dE_y = \dfrac{Q}{4\pi^2 \epsilon_0 R^2} \dfrac{r^2}{(x^2 + r^2)^{3/2}} \cos{\varphi} dr d\varphi \\
dE_z = \dfrac{Q}{4\pi^2 \epsilon_0 R^2} \dfrac{r^2}{(x^2 + r^2)^{3/2}} \sin{\varphi} dr d\varphi
\end{align*}and do a double integral over ##r## and ##\varphi##. Since they're separable, and the angle ranges over ##[0,2\pi]##, you can see immediately that both will be zero as expected from the cylindrical symmetry.
I thought I didn't have to worry about ##\varphi## because I wrote the integral in terms of infinitesimal rings. ##dq## is the charge on an infinitesimal ring When I integrate only over ##r##, aren't I summing up all the rings already?

I can see the intuition that I do need to somehow integrate over something that will cancel out, and the ##\hat{r}## vectors all cancel each other out when we consider ##\varphi## from 0 to ##2\pi##, but I can't understand the intuition based on the sum of the rings.

ergospherical
If you want to find the vertical component of the electric field, then you can exploit the cylindrical symmetry by using ring-shaped charge elements of area ##2\pi r dr##. (The factor of ##2\pi## is equivalent to what you'd get if you wrote the double integral over the measure ##rdr d\varphi##, separated the ##r## and ##\varphi## integrals and put ##\displaystyle{\int_{0}^{2\pi}} d\varphi = 2\pi##.)

If you're considering the horizontal field, however, points at different angles around the ring produce contributions to the field at ##P## with different projections onto the ##y## and ##z## axes (depending on the angle). Different points on the ring are no longer equivalent, so you have no choice but to break it up into even smaller bits of area, ##rdrd\varphi##.

• PeroK and zenterix
Gold Member
They seem to cancel in different ##\theta##. Staff Emeritus
Homework Helper
I thought I didn't have to worry about ##\varphi## because I wrote the integral in terms of infinitesimal rings. ##dq## is the charge on an infinitesimal ring When I integrate only over ##r##, aren't I summing up all the rings already?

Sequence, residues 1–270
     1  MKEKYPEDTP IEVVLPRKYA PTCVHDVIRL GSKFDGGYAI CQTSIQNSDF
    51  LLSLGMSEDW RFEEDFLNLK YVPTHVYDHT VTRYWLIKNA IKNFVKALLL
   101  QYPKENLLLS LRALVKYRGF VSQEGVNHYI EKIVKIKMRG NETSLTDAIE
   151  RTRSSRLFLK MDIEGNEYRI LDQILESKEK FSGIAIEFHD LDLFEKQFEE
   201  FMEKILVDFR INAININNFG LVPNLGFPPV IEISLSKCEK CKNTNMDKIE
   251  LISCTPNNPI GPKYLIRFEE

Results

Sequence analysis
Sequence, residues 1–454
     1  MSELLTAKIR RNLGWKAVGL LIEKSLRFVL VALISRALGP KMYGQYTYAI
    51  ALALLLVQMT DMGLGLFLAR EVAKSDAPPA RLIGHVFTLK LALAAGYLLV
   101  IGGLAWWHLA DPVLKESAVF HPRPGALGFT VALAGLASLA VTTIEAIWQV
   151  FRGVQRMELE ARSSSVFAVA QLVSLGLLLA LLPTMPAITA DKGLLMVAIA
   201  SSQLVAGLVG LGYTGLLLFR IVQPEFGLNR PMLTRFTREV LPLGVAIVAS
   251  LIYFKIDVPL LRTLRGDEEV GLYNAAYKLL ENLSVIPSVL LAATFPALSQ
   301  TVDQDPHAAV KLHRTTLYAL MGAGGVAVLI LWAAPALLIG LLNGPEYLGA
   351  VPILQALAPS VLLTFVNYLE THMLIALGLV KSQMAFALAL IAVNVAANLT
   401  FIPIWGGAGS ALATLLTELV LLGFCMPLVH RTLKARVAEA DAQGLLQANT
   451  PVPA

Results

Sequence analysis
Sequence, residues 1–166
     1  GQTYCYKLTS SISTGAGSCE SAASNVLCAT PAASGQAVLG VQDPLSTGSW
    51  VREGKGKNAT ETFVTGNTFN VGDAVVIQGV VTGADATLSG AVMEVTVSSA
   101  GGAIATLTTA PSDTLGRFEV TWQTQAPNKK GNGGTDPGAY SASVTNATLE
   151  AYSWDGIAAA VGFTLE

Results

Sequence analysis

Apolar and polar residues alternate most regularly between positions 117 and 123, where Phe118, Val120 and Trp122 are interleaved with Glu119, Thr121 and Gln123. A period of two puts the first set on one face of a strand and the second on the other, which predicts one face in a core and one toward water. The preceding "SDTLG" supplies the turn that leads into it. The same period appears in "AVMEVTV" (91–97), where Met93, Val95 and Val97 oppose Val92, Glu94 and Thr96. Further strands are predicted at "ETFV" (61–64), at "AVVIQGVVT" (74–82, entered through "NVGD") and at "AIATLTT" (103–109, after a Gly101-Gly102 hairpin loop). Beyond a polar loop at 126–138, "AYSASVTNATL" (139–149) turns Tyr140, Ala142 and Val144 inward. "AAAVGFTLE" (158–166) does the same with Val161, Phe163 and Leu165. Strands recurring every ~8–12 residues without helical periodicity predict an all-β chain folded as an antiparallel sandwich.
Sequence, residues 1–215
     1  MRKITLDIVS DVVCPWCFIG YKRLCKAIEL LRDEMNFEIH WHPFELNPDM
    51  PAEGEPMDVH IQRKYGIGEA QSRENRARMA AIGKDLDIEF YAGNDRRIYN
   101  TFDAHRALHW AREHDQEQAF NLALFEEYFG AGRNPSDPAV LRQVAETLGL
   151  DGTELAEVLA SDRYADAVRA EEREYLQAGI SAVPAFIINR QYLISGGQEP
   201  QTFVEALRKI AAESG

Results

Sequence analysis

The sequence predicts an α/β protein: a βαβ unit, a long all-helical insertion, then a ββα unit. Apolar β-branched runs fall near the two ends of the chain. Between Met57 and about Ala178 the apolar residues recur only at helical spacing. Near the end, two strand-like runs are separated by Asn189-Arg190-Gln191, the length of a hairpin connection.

The field due to the ring points along the z-axis, so you've already integrated out x- and y- components. Try doing the full integral for the field of a ring of charge. That's where you'll see the cancellation occurs.

zenterix
They definitely do cancel, that is clear by simple inspection.

And here's what I came up with.

There was a step where I wrote

$$\vec{r}_{dq,p}=\vec{r}_{o,p}-\vec{r}_{o,dq}$$

The issue is I wrote an expression for ##\vec{r}_{o,dq}##, the vector from the origin to ##dq##, but ##dq## is actually a ring. There isn't a single vector that points to it.

I need to actually consider a small ##dq## on the ring.

##dq_{ring}=\frac{2rQdr}{R^2}##

But now, I calculate a small charge on the ring

##dq=\frac{dq_{ring}}{2\pi r}=\frac{rQdrd\varphi}{\pi}##

Now the vector ##\vec{r}_{o,dq}## actually points to this small charge on the ring, which has a ##d\varphi## term in it.

$$d\vec{E}_p=\frac{k_erQdrd\varphi}{\pi(x^2+r^2)^{3/2}}(x\hat{k}-r\hat{r})$$

Now when we sub in ##\hat{r}=\cos{\varphi}\hat{i}+\sin{\varphi}\hat{j}##. The resulting integrals in ##\hat{i}## and ##\hat{j}## are 0 as expected.

Also, in the ##\hat{k}## direction we get the same result as before as well:

$$\frac{k_eQ}{R^2\pi}\int_0^{2\pi} \int_0^R \frac{rx}{(x^2+r^2)^{3/2}}drd\varphi$$
$$=\frac{2k_eQ}{R^2}\left [ \frac{x}{|x|} - \frac{x}{(x^2+r^2)^{3/2}} \right ]$$

Now, when this problem was done in a textbook, the symmetry argument was used to not do the integral in the ##\hat{r}## direction. However, the integral in the ##\hat{k}## direction (if my calculations above are correct) is also a double integral. Yet when using the symmetry argument we use a single integral to calculate the ##\hat{k}## direction electric field.